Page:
Office 2010: Excel 2010 – New Buttons on Ribbon for Pivot Tables – Custom Named Sets!

Just this week I blogged about adding Named Sets in VBA. Well lo and behold, in Excel 2010, there is a button “Fields, Items, & Sets” that lets you define your own Named Sets. Either with MDX or based on rows/columns you have on your pivot table

image

Works pretty slick! There goes the need for the custom VBA solution, which is fine by me. Although I am disappointed you still can’t create your own calculated measures. The OLAP Pivot Table Extensions add-in lets you, so I wonder why the built in functionality still doesn’t let you.

Excel 2007, OLAP Cubes: Customizable, User Defined Named Sets in Excel 2007 using VBA

In a perfect world, your master data and master data management (MDM) is set up so everyone can see things how they want. Categories of Items, Regions, etc, etc are all defined in your dimension data, and you can create hierarchies, etc that make sense and everyone is happy. But, this is not a perfect world 🙂

Some users want to see “their” items, “their” regions, etc. And they ask and ask for you to add it to the cube, but you have to deny them. Why? Because if you add their named set, you have to add all of them that are requested, that don’t make sense to 99% of the other people using the cube.

You probably could even go about doing some crazy MDX or something in your cube to create the named sets per user, but then you still have to manage it all in your MDX script in your SSAS project.

I blogged a while ago about the OLAP Pivot Table Extensions on CodePlex , which, is an awesome toolkit, but it is geared around Calculated Measures. I downloaded the code and took a gander here and there and it would be pretty easily modified to work with Named Sets (change xlCalculatedMember to xlCalculatedSet , add a radio button on adding a new calc, etc) – but, its in VS2005, and I have VS2008 (2005 BIDS, not C#), and right now I don’t feel like mucking around with that, maybe someone with more time, and more ambition can do it 🙂 – Or maybe when I get some free time I will take a look, but for now here is a solution.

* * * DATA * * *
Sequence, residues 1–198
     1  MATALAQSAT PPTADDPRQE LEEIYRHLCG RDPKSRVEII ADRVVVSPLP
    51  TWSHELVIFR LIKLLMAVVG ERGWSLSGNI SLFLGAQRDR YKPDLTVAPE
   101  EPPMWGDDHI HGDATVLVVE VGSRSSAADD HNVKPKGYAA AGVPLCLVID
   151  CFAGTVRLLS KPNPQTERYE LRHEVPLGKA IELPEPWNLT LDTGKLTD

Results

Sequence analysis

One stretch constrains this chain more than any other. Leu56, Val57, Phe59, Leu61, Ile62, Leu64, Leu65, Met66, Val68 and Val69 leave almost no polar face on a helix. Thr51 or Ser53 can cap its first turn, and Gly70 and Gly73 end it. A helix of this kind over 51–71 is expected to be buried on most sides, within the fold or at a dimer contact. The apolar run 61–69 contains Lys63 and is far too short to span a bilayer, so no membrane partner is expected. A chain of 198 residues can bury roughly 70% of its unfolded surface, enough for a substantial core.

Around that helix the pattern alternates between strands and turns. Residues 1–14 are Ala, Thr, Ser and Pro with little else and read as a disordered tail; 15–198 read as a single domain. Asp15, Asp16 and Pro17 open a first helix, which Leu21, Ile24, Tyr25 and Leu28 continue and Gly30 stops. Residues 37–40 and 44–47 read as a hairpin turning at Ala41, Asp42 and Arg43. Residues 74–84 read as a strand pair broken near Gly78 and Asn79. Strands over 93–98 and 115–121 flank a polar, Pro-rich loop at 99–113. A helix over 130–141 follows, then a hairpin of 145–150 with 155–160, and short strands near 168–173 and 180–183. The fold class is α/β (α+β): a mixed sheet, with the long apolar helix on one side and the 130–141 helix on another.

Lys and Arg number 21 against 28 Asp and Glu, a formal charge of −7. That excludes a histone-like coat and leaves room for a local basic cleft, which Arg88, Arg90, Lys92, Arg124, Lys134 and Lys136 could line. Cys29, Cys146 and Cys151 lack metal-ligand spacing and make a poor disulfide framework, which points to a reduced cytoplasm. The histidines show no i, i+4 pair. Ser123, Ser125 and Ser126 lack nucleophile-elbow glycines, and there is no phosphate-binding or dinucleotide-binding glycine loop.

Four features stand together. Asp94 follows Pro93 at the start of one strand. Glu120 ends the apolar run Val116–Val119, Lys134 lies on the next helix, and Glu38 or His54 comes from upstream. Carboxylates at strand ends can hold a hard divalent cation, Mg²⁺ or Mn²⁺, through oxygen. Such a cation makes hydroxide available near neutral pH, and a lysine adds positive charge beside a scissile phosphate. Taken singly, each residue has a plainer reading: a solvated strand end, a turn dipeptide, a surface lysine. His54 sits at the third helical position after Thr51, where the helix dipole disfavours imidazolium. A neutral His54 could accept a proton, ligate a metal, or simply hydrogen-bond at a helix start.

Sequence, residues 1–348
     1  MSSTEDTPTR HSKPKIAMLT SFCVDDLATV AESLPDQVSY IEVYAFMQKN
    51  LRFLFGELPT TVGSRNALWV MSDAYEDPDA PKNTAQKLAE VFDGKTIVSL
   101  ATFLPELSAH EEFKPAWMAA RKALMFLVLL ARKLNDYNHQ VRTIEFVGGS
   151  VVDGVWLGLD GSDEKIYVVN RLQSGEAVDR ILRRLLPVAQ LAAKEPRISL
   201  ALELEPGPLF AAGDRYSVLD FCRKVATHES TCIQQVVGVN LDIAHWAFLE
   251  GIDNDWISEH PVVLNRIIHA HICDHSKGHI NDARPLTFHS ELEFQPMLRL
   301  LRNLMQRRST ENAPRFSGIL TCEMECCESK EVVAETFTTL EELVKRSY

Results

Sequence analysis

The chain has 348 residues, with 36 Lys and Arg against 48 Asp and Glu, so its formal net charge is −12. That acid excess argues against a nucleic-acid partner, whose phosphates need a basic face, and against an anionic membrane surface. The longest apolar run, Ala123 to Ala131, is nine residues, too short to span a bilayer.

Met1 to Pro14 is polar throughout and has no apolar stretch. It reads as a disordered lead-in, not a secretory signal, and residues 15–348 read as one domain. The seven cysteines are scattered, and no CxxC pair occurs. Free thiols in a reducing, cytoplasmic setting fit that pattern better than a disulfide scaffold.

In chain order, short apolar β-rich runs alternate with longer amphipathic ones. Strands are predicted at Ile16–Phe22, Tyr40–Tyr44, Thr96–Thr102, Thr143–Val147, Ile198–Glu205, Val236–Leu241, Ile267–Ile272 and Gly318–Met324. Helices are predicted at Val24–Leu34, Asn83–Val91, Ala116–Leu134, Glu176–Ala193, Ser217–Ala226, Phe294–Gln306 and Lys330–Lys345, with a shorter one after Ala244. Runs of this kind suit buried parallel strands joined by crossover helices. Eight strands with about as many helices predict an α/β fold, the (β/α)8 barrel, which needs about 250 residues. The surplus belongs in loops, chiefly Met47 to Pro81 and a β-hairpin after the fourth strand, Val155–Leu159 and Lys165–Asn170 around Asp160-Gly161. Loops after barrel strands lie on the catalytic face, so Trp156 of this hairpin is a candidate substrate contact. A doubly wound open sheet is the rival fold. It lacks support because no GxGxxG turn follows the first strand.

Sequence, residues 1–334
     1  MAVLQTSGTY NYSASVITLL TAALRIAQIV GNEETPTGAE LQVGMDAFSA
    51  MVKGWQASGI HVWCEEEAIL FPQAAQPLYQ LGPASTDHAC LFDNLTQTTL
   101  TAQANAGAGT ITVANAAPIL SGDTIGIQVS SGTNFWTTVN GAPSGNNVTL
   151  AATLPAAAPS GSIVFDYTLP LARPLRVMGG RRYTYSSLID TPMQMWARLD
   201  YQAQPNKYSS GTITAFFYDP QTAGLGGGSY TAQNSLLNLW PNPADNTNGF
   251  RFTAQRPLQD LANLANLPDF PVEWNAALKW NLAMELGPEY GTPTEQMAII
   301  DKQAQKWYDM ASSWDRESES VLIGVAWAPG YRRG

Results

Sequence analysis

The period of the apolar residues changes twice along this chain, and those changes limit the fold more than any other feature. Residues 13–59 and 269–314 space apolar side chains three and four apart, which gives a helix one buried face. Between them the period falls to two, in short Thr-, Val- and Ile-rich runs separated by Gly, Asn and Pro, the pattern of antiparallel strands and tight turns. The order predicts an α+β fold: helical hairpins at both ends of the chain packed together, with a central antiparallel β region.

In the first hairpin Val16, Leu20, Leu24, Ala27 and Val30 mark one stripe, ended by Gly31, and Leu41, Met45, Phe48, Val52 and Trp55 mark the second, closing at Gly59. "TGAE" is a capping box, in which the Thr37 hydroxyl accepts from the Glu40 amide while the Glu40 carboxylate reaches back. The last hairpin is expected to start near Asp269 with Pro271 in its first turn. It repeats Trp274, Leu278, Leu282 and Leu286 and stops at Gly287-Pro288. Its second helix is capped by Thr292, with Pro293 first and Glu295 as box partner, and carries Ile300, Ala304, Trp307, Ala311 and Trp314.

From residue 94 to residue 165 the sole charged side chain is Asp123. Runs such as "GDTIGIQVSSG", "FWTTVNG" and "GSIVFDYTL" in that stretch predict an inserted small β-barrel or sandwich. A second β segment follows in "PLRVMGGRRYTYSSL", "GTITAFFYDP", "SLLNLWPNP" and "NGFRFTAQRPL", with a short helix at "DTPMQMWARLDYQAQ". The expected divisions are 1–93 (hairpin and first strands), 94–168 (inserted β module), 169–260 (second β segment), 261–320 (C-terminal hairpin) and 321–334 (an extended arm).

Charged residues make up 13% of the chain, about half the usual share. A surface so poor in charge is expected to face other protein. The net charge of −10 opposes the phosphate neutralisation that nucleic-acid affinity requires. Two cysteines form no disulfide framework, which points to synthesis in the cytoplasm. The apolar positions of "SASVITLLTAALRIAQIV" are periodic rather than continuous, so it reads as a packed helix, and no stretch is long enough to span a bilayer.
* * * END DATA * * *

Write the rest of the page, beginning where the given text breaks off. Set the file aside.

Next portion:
I took the idea outlined at the bottom half of this blog http://blogs.msdn.com/excel/archive/2008/02/05/common-questions-around-excel-2007-OLAP-PivotTables.aspx  about named sets and creating them in macros..

Sub AddNamedSet()

Dim pvt As PivotTable
Dim strName As String
Dim strFormula As String
Dim cbf As CubeField

Set pvt = Sheet1.PivotTables("PivotTable1")
strName = "[My Mountain Bikes]"
strFormula = "[Product].[Product Categories].[Bikes].[Mountain Bikes].children"
pvt.CalculatedMembers.Add Name:=strName, Formula:=strFormula, Type:=xlCalculatedSet
Set cbf = pvt.CubeFields.AddSet(Name:="[My Mountain Bikes]", Caption:="Mountain Bikes")

End Sub

That macro is pretty sweet, you can add a named set to your workbook. But, its pretty static. You have to edit the macro every time you want to add more items, it doesn’t update or remove the sets you might have, etc.

What I whipped up quick was an updated macro that lets you build customizable named sets based on data in another worksheet in your Excel file (you can imaging it coming from other sources – another Excel file, a SQL table, etc, etc). I did this with a cube we use at work, but for this example, I changed it to pull off the AdventureWorks DW SSAS DB, AdventureWorks Cube, (SQL 2005 edition)

First off, here is the macro: 

Text File of Macro: Custom_NamedSets_Macro.txt</a

Excel 2007 Workbook with Macro: Custom_NamedSets.xlsm

Sub AddNamedSet()

    ' data sheet top row must be set name [Set Name] and then item numbers after
    Dim sourceData As Worksheet
    Set sourceData = Worksheets("Data")

    Dim strName As String
    ' get the name of the set, including brackets []
    strName = sourceData.Range("A1").Value

    ' used range is the whole column, rangeVals is the item numbers